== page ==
You may have heard about Google’s plans to switch off keyword data access. We had a chat with Adthena’s Engineering Director Ben Vincent about what not provided keywords mean for your search marketing and how Adthena can help you stay one step ahead of your competitors.
Q: Why are we losing keyword data?
Ben: “Google is switching search users to “secure” search. When a user is on secure search, website analytics packages (such as Google Analytics) cannot see which search term triggered the users’ website visit.
Once all users are switched to secure search, such services will have no keyword access left at all. In the meantime, keyword access is becoming increasingly limited, representing an ever smaller percentage of website visitors.
Q: How long do we have left?
Ben: “We predict you have until the beginning of 2014. The number of unprovided keywords has increased from 40% to around 80% since July.”
Q: How can Adthena access this data when Google can’t themselves?
Ben: “Basically these comes down to two unique features of Adthena. Firstly, our keyword discovery engine is not dependent on Google. At the heart of Adthena – and the beginning of any keyword monitoring – is our keyword discovery engine. We use a wide variety of observational data from all across the web to identify new keywords. Across the Adthena system an average of 10,000 keyword suggestions are generated each day.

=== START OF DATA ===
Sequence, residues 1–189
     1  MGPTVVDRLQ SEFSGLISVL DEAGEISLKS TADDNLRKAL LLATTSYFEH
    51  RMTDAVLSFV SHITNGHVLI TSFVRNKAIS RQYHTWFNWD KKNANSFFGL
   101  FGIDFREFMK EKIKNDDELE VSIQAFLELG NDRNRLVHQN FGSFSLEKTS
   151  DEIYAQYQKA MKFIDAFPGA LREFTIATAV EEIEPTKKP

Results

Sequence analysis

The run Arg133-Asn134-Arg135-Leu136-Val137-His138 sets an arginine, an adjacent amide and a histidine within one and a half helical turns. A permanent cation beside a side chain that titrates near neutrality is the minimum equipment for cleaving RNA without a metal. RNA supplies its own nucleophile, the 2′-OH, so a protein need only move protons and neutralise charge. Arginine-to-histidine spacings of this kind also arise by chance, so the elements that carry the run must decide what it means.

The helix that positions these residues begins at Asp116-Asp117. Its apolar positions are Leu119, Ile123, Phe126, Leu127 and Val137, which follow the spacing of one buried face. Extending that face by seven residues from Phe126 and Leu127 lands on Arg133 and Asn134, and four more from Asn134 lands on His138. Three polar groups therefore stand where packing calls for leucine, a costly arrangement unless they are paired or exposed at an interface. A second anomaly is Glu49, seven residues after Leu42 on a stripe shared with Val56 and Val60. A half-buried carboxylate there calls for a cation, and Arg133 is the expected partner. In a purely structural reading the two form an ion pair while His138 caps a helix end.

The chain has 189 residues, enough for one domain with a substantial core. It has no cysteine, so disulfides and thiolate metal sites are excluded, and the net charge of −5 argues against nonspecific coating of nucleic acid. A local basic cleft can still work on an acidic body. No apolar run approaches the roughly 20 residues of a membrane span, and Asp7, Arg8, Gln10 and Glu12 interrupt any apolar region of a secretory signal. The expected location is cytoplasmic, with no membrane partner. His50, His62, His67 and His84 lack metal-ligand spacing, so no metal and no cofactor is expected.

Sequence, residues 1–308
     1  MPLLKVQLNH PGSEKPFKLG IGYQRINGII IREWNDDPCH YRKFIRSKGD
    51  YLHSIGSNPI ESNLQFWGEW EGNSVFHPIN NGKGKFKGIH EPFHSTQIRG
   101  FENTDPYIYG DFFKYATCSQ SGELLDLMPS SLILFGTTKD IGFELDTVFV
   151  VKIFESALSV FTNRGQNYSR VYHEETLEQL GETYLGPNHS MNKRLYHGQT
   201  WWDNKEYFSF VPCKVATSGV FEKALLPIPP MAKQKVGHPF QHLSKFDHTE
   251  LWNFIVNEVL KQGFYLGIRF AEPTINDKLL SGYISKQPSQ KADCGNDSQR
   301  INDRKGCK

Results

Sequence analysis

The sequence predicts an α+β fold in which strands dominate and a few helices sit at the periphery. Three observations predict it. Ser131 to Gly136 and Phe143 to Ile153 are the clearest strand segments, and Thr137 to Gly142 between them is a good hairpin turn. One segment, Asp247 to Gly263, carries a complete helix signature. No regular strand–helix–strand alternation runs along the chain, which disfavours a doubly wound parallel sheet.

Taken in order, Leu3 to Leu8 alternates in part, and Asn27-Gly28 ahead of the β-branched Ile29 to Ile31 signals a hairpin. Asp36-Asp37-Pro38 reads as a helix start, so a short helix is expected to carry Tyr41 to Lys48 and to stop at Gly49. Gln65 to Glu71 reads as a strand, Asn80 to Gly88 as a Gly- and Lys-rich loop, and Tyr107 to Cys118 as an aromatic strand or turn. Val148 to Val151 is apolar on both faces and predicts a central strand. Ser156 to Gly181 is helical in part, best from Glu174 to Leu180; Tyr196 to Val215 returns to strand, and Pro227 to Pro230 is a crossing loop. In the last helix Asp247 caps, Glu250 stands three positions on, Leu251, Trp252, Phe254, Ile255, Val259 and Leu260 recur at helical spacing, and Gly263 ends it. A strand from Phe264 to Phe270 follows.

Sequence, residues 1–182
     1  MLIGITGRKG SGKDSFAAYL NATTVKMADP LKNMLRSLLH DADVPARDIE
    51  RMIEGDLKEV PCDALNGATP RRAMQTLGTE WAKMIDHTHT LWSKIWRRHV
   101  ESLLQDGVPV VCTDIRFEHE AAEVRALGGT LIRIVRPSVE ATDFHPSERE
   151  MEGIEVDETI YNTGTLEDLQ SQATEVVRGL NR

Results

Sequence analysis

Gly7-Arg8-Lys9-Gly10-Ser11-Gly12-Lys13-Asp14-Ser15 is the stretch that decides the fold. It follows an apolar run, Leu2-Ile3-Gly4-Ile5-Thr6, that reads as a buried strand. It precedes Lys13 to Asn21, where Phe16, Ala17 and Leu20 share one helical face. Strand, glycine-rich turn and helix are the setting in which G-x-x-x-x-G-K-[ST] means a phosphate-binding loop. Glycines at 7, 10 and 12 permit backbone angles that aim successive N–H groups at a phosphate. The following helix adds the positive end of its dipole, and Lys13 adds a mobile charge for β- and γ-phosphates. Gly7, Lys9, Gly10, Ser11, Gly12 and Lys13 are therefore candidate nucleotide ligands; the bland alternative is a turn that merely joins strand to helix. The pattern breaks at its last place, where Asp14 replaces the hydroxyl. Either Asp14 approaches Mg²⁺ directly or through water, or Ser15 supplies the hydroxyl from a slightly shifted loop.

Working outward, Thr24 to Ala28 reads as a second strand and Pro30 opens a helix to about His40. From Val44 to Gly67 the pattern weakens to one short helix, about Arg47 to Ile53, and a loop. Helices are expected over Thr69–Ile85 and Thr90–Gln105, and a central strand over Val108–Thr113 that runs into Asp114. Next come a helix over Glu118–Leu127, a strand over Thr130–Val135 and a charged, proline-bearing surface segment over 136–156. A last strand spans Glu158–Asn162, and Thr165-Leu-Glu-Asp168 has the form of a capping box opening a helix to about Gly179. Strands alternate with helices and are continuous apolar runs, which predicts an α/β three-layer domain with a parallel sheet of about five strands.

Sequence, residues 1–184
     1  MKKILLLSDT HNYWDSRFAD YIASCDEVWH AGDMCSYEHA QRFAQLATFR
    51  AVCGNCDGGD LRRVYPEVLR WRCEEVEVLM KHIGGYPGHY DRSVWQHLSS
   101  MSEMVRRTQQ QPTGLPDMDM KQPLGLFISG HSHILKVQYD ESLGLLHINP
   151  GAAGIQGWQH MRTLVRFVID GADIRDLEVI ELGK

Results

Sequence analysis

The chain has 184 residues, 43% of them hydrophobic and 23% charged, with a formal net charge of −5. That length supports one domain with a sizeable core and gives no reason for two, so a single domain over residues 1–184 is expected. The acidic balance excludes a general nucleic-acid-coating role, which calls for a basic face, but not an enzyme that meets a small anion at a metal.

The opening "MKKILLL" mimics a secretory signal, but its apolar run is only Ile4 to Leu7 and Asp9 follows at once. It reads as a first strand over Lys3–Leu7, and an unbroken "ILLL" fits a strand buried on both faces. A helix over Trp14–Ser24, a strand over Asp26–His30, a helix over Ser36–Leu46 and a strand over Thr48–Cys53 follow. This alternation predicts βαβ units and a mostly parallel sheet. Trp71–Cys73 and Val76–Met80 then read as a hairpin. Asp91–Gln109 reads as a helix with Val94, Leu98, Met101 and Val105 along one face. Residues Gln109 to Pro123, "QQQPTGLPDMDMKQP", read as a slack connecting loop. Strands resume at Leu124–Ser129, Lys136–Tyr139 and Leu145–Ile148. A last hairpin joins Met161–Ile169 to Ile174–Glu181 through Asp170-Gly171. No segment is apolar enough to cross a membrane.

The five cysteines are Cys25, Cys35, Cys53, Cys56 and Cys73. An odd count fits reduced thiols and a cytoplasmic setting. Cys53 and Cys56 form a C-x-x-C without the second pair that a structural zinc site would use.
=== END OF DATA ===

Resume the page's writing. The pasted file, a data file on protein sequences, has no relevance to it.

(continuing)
Then once Adthena has identified which keywords to monitor, the keyword data itself is not reliant on user search data. We observe search results on these keywords up to 16 times a day, and use complex data models to predict user behaviour within these results. These models are highly adaptive – they learn from any data that Google does provide on the these terms, for example in your AdWords account. So we really do pull all the strings to uncover the data that Google are hiding!
Q: What can Adthena do with all this data?
Ben: Adthena makes estimates about the importance of particular keywords for both paid and natural search. Thus you can see what is important for both you and your competitors.
Ben is a veteran search industry engineer having built arbitrage and affiliate engines as well as competitive intelligence tools with cutting edge technologies. He’s currently a founder and director of engineering for Adthena.